Fashion · How to go vegan · Ladies' Accessories · Shopping · Uncategorized

Fake Leather vs. Real, and My Affordable Adorable Purse Collection

All six together cost only $125!

(See my comment below for urgent update, haha. Also see 2 links added at bottom.)

Just indulging my handbag obsession…they make me happy. Also sharing some important, relevant information down below. Not really expecting anyone to have much interest in this topic, except for a few other bargain hunting bag-aholics. But then, with my crappy web cam photos, even they may be disappointed. Ah well, below is my little collection of faux leather, “vegan” bags. I don’t really have a favorite among them, they’re all equally favorite. 😍

And no, I don’t think this bag thing makes me interesting…quite the opposite; I’m all done trying to be interesting to people. 😴

Lookie…

Lulu Satchel by Rosetti – White, Tan Trim (PVC, lots of compartments, cheery, nice for spring and summer, $20 at Ross)☟

Gussaci Style No. G15555 – Tan (polyurethane, roomy, adorable, several handy compartments, labeled “vegan,” $19 at Ross)☟

Deluxity Hobo Shoulder Bag – Cognac (orangish tan, polyurethane, soft & roomy with nice compartments inside & out, $20 at Ross)☟

Deluxity Hobo Shoulder Bag – Same as above but in Taupe (both labeled “PETA-approved & vegan,” $20 at Ross)☟

Gussaci Style No. G15526 – Tan (polyurethane, smooth, beautiful tan w/gleaming gold hardware, 2 main compartments, $23 at Ross)☟
Gussaci G15526 again – Black (polyurethane, especially pretty in black, the two were labeled “vegan for the animals,” $23 at Ross)☟

Hey, wake up, you! It’s not nice to doze off while looking at some hardworking nut’s blog! 😓

I am just in love with each and every one of their adorable, functional, well-made, scrumptious little selves. And yes, they do have personalities, because, you got it, I’m nuts. They’re all medium size and average $20 each, so all of them cost me far less than these la-di-da, uppity, “high maintenance but worth it” women spend on just one bag in their vast collections, so as purse-crazy goes, I’m not all that far gone.

But seriously, all this cuteness, good craftsmanship and great functionality can be got on the cheap and without ever resorting to using animal skins.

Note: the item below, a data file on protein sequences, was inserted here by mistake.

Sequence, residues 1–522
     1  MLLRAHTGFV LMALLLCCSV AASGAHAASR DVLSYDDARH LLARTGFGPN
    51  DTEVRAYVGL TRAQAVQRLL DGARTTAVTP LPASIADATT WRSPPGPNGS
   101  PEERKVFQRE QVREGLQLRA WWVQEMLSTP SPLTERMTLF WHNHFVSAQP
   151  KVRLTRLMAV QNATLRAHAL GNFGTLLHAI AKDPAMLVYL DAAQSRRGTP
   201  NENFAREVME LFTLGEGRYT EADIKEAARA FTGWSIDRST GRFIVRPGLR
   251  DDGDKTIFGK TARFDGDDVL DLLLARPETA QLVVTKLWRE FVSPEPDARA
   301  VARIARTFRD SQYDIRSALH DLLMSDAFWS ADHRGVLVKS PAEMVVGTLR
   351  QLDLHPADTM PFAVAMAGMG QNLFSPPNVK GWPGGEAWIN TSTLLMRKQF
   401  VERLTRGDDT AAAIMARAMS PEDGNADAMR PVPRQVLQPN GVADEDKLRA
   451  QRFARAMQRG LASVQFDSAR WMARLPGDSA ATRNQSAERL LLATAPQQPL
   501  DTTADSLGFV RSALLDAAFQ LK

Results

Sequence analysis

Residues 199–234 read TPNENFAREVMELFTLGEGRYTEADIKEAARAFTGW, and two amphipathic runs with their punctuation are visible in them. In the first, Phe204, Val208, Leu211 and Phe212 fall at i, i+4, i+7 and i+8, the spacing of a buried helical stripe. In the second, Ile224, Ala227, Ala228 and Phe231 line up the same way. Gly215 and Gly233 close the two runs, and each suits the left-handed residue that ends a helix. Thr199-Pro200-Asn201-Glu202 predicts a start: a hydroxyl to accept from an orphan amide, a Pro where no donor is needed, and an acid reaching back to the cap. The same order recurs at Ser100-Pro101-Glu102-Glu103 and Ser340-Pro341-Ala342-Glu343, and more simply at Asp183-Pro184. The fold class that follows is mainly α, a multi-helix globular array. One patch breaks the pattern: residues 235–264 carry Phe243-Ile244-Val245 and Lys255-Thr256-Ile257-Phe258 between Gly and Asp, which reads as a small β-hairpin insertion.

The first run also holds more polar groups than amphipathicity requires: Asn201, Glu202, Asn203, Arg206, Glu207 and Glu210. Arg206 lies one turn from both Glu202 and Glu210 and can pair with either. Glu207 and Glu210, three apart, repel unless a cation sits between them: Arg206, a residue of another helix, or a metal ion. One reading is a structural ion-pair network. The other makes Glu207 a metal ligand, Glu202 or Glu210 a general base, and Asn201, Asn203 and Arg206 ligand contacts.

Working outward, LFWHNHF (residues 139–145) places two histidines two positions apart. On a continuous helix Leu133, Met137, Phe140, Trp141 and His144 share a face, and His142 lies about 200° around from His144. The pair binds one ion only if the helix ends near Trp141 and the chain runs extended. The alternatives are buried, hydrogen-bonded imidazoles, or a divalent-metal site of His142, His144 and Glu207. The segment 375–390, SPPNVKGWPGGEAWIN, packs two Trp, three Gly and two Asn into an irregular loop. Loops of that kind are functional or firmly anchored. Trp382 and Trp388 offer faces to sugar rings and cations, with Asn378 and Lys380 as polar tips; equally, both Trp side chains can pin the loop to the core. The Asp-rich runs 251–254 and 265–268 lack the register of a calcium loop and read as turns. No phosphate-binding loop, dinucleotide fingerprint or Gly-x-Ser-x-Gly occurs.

Unfortunately, almost 100% of faux leather handbags are made in China

Even though they’re usually designed and the companies based elsewhere, China still makes almost all handbags and much else that people use worldwide. Despite there being many truly kind, intelligent Chinese citizens, the nation is of course known for unscrupulous practices, including the monstrous dog/cat meat trade. It’s why I keep the number of bags and the expense down and use them well and donate them while still functional. I trust (with a great deal of hope) that the product originators are diligent in seeing that Chinese manufacturers obey safety and all other standards, such as regarding lead (see below).

Regarding the safety and environmental impacts from vinyl and polyurethane products versus animal skins:

Unsafe levels of lead were once regularly found in fake leather products, notably in brightly colored items like yellow, orange, red, and green. Since 2016, lead levels in Polyvinyl Chloride (PVC) products have decreased dramatically due to new regulations. That’s in California anyways, due to Proposition 65…and if they must obey California’s standards to sell here, hopefully it’s also their practice for everywhere. Polyurethane (PU) is a better option for people who want more environmentally safe products. (Most of my current bags are made of PU.) So yes, there is environmental pollution from the plastics industries, but handbags are only a fraction of the plastics used out there.